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Gynecologic Cancers

Gynecologic cancers include malignancies of the female genital tract involving the vulva, vagina, cervix, uterus, fallopian tubes or ovaries. According to the American Cancer Society, 110,072 women in 2018 will be diagnosed with some form of gynecologic cancer. Cancers of the uterus, cervix and ovary are most common. They account for 98,710 new cases each year. Widespread screening with the Pap test has allowed doctors to find pre-cancerous changes in the cervix and vagina. This has helped catch some invasive cancers early.
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IMPORTANT DOWNLOADS

Radiation Therapy for
Gynecologic Cancer Brochure
Side Effects Chart
Questions to Ask
Your Doctor

WHAT TO EXPECT

Once a cancer diagnosis is made, you will likely talk with your primary care physician along with several cancer specialists to discuss what happens before, during and after treatment.

CLINICAL TRIALS

 
Cancer specialists regularly conduct studies to test new treatments. These studies are called clinical trials. Clinical trials are available through cancer doctors everywhere — not just in major cities, university centers or in large hospitals.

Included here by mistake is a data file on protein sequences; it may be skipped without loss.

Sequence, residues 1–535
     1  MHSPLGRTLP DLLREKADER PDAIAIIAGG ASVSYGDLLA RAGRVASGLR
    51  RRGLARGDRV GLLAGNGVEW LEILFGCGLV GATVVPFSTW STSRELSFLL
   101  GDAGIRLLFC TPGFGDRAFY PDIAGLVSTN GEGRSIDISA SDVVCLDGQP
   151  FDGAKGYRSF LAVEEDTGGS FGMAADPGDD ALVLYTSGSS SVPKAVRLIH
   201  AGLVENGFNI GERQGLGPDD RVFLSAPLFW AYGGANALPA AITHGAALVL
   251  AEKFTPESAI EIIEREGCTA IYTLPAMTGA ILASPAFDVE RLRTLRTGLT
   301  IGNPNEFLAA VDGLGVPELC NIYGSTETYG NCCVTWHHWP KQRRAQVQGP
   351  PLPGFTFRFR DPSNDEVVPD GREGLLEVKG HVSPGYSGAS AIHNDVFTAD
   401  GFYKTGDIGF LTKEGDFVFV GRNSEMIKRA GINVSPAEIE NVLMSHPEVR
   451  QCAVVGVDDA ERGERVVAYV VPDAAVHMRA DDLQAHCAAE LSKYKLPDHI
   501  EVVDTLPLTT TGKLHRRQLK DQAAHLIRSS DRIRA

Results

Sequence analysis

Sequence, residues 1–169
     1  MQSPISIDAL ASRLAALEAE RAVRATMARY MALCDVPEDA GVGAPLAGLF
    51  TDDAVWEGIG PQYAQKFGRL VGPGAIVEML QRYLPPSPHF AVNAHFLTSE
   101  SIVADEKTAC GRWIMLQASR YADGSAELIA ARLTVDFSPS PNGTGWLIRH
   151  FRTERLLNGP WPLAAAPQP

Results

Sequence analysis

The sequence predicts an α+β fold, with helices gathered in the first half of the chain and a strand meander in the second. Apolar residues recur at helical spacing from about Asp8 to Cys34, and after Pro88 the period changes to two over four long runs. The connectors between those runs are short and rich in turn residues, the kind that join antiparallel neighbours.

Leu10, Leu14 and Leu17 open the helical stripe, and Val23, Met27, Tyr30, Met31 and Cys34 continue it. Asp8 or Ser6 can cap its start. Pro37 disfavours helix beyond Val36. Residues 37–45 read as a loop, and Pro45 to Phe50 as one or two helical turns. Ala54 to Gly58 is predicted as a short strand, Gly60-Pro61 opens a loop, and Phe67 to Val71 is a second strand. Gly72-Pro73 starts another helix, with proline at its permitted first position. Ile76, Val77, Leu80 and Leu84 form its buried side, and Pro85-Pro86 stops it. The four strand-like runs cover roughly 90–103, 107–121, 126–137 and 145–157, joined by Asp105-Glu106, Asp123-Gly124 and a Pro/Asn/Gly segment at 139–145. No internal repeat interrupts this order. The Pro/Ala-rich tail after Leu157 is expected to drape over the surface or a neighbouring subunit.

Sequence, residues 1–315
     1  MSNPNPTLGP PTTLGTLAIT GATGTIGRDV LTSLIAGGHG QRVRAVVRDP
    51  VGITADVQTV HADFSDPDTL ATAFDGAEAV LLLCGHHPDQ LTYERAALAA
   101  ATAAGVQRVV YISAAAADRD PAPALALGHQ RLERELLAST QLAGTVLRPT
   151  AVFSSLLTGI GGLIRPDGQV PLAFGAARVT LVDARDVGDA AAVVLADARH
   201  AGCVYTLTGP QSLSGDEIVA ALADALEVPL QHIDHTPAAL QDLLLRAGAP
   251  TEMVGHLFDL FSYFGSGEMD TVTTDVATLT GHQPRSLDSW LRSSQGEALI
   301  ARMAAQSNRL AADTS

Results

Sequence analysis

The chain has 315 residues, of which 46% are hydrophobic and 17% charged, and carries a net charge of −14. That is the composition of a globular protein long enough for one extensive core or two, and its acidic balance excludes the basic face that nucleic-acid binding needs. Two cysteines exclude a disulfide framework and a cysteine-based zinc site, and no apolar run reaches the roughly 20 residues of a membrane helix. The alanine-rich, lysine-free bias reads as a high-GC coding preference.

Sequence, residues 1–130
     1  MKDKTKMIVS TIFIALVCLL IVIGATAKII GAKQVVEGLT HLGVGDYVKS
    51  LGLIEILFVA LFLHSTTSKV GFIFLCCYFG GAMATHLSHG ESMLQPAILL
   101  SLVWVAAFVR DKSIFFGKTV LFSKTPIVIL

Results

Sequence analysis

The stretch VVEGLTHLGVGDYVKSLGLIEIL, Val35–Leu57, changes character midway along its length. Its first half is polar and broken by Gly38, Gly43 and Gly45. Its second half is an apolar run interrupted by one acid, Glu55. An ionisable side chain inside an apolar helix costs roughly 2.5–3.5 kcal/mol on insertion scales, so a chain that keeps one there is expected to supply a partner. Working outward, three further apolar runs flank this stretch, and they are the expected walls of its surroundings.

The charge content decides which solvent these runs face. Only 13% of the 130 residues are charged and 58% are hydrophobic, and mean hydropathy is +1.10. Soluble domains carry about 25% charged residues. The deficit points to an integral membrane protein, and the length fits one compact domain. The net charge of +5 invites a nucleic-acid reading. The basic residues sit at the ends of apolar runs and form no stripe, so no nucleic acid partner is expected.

SIDE EFFECTS

SIDE EFFECTS

Most of the side effects of radiation therapy are limmited to the area being treated. Short-term side effects are related to injury to normal rapidly dividing cells. They are usually temporary, mild and treatable.

PATIENT COMMUNITY

PATIENT COMMUNITY

Receiving a diagnosis of cancer can be difficult. It is important to reach out to others for support during this time. Find online communities to connect to other breast cancer patients, survivors and caregivers.
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